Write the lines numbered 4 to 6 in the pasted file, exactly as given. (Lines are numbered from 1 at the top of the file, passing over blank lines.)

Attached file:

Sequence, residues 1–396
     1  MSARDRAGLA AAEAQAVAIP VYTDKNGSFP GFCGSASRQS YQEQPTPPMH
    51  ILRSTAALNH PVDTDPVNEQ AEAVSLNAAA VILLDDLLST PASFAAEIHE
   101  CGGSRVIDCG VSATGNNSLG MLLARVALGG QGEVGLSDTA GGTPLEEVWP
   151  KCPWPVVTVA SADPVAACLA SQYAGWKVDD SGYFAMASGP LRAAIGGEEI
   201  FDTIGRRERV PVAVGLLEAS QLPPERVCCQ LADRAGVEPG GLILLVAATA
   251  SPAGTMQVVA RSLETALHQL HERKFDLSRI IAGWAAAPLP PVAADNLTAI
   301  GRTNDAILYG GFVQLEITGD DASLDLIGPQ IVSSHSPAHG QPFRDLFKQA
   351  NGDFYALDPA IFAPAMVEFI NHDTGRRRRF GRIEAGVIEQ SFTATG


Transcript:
   101  CGGSRVIDCG VSATGNNSLG MLLARVALGG QGEVGLSDTA GGTPLEEVWP
   151  KCPWPVVTVA SADPVAACLA SQYAGWKVDD SGYFAMASGP LRAAIGGEEI
   201  FDTIGRRERV PVAVGLLEAS QLPPERVCCQ LADRAGVEPG GLILLVAATA